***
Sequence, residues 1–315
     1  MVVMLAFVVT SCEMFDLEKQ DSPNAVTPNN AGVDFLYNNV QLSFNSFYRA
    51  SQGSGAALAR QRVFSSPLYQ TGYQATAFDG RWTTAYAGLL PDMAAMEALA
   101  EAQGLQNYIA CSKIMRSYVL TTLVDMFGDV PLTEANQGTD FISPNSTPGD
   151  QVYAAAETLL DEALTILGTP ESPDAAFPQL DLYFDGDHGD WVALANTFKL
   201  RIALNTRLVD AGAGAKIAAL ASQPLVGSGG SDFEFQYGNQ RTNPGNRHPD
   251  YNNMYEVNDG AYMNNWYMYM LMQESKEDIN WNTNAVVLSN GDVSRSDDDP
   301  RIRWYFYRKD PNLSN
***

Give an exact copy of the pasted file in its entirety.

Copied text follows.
Sequence, residues 1–315
     1  MVVMLAFVVT SCEMFDLEKQ DSPNAVTPNN AGVDFLYNNV QLSFNSFYRA
    51  SQGSGAALAR QRVFSSPLYQ TGYQATAFDG RWTTAYAGLL PDMAAMEALA
   101  EAQGLQNYIA CSKIMRSYVL TTLVDMFGDV PLTEANQGTD FISPNSTPGD
   151  QVYAAAETLL DEALTILGTP ESPDAAFPQL DLYFDGDHGD WVALANTFKL
   201  RIALNTRLVD AGAGAKIAAL ASQPLVGSGG SDFEFQYGNQ RTNPGNRHPD
   251  YNNMYEVNDG AYMNNWYMYM LMQESKEDIN WNTNAVVLSN GDVSRSDDDP
   301  RIRWYFYRKD PNLSN